Hinduism is one of the longest-surviving religions in the world. The terms Hindu and Hinduism come from the Sanskrit term for the Indus Valley, where prior to about 500 BC the dominant religious worldview was what we now call Vedism or sometimes Brahmanism. This is the ancient form of “modern” Hinduism and the foundation for the various sects and interpretations of Hindu belief today.
Brahmanism, specifically, does not distinguish any major religious sect of Hinduism. There is a social-political movement known as Brahminism, spelled differently than Brahmanism. Members of a particular social caste within Hindu society are labeled Brahmans. For the most part, however, Brahmanism is an umbrella term covering all major Hindu religious beliefs. Any group that highlights that word in their identity does so to emphasize beliefs inherently common to all Hindu practitioners.
The cornerstone belief of Brahmanism and its spiritual successors is the concept of Brahman. The term Brahman describes the ultimate reality. Brahman is perceived as the single, original, eternal, transcendental, all-encompassing truth. It’s common to see Brahman oversimplified as the ultimate “god” of Hinduism. However, in Brahmanism, Brahman is neither personal nor confined to any description. Rather, Brahman is “existence” or “the universe” or “all that is or could be.” Brahman is not the same thing as the deity Brahma, who is one of the three major gods of Hinduism, along with Shiva and Vishnu.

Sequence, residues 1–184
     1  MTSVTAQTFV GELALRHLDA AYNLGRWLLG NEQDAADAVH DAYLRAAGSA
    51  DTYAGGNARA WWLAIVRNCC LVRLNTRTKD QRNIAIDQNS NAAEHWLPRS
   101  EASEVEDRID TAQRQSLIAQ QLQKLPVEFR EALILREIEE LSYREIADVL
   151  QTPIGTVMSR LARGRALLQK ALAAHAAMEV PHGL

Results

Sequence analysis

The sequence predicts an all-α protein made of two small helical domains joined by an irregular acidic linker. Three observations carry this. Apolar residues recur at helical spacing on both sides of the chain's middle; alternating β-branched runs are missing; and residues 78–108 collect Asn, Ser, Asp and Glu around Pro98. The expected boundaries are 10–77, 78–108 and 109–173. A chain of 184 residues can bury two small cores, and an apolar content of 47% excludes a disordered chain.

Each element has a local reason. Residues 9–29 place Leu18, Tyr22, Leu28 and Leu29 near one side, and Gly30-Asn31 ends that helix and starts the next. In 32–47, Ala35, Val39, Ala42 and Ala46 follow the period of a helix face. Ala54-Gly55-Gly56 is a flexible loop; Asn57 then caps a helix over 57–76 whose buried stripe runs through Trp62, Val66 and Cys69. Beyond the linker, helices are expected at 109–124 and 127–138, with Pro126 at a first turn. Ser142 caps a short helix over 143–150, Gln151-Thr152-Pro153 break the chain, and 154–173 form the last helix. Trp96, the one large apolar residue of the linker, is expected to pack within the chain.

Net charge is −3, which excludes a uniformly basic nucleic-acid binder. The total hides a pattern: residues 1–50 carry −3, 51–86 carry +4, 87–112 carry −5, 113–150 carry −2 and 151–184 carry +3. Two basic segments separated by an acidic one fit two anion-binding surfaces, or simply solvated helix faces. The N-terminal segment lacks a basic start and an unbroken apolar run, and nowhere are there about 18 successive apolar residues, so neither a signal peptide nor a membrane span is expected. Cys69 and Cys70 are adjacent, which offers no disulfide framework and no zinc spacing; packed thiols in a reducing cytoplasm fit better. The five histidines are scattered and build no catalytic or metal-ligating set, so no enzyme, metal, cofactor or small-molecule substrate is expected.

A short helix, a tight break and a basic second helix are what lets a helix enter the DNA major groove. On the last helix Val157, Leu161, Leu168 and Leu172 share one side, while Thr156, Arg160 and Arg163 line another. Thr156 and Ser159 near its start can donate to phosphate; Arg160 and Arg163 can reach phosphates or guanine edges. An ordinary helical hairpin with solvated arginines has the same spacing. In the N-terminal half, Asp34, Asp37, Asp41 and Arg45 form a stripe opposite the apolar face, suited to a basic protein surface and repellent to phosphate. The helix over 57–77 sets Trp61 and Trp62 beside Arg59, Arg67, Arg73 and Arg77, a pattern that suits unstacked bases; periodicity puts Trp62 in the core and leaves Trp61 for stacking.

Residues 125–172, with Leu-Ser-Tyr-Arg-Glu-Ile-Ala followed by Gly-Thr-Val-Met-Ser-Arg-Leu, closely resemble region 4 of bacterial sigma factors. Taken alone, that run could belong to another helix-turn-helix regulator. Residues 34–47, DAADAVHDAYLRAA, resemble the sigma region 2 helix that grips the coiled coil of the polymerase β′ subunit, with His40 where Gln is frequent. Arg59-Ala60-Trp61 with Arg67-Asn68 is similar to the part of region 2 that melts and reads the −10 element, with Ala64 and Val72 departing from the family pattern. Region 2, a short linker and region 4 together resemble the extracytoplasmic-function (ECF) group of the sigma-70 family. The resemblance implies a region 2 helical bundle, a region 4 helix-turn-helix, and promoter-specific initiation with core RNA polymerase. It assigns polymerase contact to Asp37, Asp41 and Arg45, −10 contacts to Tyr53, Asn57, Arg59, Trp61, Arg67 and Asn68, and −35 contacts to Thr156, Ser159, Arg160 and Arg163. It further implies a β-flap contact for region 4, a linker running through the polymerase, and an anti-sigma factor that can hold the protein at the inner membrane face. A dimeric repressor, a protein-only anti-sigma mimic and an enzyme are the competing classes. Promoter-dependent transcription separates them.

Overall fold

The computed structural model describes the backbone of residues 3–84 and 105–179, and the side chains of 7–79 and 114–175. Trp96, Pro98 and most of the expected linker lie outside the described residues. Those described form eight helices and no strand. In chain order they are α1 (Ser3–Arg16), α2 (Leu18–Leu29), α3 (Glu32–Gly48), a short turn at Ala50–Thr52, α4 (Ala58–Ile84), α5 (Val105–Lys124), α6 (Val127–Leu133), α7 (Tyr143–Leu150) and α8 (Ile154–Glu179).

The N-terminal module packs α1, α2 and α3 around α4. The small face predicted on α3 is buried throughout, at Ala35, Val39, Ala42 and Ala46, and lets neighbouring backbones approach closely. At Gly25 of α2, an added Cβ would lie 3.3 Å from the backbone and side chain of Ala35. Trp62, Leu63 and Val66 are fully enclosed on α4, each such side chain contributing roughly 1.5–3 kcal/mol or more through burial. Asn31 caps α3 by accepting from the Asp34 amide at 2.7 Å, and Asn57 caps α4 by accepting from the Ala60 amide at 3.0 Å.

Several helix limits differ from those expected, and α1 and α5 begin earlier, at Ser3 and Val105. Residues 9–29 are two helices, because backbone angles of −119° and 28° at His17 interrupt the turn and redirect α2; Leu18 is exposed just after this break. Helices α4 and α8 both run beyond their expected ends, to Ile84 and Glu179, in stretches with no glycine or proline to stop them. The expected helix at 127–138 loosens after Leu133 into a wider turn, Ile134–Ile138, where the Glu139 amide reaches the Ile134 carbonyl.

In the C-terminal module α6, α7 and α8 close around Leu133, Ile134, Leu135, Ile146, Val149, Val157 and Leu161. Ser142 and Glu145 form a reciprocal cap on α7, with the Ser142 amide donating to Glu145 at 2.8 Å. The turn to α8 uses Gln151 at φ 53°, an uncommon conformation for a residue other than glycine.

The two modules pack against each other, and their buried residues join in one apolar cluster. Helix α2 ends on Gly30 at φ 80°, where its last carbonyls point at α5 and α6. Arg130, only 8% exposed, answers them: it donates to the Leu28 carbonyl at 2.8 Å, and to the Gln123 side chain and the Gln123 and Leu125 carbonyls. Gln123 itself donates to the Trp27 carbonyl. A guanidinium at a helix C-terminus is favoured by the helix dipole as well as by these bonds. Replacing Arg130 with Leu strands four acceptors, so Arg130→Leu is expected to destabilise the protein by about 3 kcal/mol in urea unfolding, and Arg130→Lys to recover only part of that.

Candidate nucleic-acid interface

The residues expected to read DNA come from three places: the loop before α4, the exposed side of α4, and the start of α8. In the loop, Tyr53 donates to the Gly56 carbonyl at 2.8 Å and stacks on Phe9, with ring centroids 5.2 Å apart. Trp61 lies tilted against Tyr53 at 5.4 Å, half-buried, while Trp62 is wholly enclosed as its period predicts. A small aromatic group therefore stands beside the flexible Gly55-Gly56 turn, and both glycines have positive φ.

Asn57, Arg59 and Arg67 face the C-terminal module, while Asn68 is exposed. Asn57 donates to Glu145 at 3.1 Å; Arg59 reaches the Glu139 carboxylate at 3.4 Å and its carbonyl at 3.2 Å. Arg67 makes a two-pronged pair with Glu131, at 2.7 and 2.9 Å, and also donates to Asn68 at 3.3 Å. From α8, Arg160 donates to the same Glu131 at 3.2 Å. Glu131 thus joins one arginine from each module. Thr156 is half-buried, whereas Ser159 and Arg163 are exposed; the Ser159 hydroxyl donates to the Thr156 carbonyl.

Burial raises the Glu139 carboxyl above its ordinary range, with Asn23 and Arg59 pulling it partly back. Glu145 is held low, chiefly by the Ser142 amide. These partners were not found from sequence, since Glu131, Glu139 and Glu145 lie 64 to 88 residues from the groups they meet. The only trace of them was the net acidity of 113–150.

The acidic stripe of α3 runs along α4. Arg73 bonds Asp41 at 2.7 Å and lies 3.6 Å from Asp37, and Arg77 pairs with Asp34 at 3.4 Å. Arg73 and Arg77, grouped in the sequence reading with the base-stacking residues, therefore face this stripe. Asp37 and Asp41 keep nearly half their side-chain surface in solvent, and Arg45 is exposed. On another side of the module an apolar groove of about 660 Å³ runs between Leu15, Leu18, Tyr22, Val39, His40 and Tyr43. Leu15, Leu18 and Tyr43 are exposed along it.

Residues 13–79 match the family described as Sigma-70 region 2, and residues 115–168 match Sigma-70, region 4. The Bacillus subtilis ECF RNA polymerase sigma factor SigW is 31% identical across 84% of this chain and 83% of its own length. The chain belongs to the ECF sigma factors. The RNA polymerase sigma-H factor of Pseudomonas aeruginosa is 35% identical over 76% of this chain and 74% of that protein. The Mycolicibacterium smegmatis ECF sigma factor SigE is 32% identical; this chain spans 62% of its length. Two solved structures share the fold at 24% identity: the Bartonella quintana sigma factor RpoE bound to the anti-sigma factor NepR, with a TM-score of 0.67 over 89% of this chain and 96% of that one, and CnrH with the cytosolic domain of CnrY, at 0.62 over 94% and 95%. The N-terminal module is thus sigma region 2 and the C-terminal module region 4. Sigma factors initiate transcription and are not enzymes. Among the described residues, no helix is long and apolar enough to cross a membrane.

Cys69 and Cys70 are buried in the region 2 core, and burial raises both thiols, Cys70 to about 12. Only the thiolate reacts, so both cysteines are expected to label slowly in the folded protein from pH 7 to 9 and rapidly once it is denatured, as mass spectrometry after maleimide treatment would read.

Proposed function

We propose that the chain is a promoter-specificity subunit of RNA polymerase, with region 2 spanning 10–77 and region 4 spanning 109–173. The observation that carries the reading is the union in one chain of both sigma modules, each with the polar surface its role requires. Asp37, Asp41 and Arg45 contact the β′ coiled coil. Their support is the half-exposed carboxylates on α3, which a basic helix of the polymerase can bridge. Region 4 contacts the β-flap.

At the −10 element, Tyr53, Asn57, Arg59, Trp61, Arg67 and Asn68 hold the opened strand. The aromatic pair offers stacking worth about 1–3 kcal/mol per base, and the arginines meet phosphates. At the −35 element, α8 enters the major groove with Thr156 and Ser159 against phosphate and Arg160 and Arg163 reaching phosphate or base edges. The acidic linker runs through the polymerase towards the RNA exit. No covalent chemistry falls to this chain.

Brahmanism, from this belief in Brahman, is so fundamental that it is difficult to describe. Those not raised in a culture based on that worldview are not used to thinking of reality in that way. Beyond attempting to explain it as the ultimate “oneness” that makes up all that exists, an article format such as this cannot truly define Brahmanism.
Offshoots and interpretations of belief in Brahman are described using terms such as Atman, pantheism, reincarnation, karma, nirvana, and so forth. Few, if any, of those concepts were a distinct part of ancient Brahmanism itself. Rather, those beliefs developed from Brahmanism over time. Depending on how one defines terms, religions such as Hinduism, Jainism, and Buddhism could be considered parallel offshoots proceeding from Brahmanism. These religions share core ideas but have markedly different applications.